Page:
A species is back from the grave, thanks to the hard work of an international conservation effort. The Australian Lord Howe Island stick insect, thought to have become extinct in the 1920s, is now officially alive again, confirmed by DNA testing.
The story spans decades, with a series of human failings, discoveries and eventual surprise successes that took DNA testing to finally get us to the good news there had only been slender hope for.
When black rats were accidentally introduced to the island by a shipwreck in 1918, 600 kilometres (370 miles) off the east coast of Australia, they devastated the population of the phasmid, Dryococelus australis.
The rats were a disaster. They wiped out several native species – five birds, two plants and 13 invertebrates (including D. australis) – not found anywhere else in the world.
But in the 1960s, rock climbers on Ball’s Pyramid, a volcanic stack 20 kilometres (12 miles) southeast of the island, made an exciting discovery: a collection of fresh insect corpses that seemed to be the stick insect.
But they didn’t look like specimens recovered from Lord Howe Island, as seen in the image below (the Ball’s Pyramid insect is on the right), so the species was officially declared extinct in 1986.
But then a small number of live insects was found in 2001, living on tea-trees on Ball’s Pyramid, which spurred a captive breeding program. And now, finally, DNA testing has confirmed that the insects are, indeed, D. australis – an extremely rare success story.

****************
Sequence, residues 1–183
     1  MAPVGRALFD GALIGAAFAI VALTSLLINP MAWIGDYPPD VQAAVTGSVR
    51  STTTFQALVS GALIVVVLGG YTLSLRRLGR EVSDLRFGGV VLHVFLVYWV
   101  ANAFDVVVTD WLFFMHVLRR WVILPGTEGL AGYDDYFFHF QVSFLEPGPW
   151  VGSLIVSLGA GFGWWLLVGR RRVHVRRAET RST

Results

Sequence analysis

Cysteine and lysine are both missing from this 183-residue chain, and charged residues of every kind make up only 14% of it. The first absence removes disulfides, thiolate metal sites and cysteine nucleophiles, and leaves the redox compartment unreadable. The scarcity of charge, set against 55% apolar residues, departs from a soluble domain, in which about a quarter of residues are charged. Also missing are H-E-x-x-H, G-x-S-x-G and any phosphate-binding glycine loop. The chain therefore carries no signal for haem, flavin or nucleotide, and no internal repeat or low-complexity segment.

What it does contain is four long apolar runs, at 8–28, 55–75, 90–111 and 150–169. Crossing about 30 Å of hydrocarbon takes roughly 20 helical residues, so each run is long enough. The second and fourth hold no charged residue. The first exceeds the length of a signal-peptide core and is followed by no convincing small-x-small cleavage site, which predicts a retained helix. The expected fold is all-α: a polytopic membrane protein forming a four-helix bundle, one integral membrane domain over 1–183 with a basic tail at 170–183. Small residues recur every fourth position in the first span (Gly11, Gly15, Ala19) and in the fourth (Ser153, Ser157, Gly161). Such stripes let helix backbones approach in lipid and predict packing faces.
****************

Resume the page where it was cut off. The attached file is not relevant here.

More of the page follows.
“In this case, it seems like we’re lucky and we have not lost this species forever, although by all rights we should have,” said lead researcher Alexander Mikheyev, a professor at Okinawa Institute of Science and Technology Graduate University.
“We get another chance – but very often we do not.”
Although the Ball’s Pyramid insects didn’t look like the Lord Howe Island specimens, comparison between the genomes of the two found less than 1 percent difference – a small enough difference that they can officially be declared the same species.
This means that eventually, they may be reintroduced to Lord Howe Island, pending the completion of a rat eradication program that is due to commence in 2018.
“Had our findings demonstrated that the Ball’s Pyramid population was a distinct species, the release of these insects on Lord Howe Island would be regarded as an introduction,” the researchers wrote in the paper.
This would mean a lot more red tape, since (and rightfully so) introducing a new species faces scrutiny and legislative barriers that reintroducing a species does not. But reintroduction would also mean that the insect would hopefully be able to breed and thrive in a much larger and more hospitable habitat.
Currently, they are still considered critically endangered.
But they no longer number among the 868 species classifed as extinct due to human causes on the IUCN Red List, which tracks 500 years of records.
“The stick insect illustrates the fragility of island ecosystems, and in particular, how vulnerable they are to manmade change like invasive species,” Mikheyev said.
“It just took one shipwreck, and the fauna of the island has been altered in such a fundamental way.”
The paper has been published in the journal Current Biology.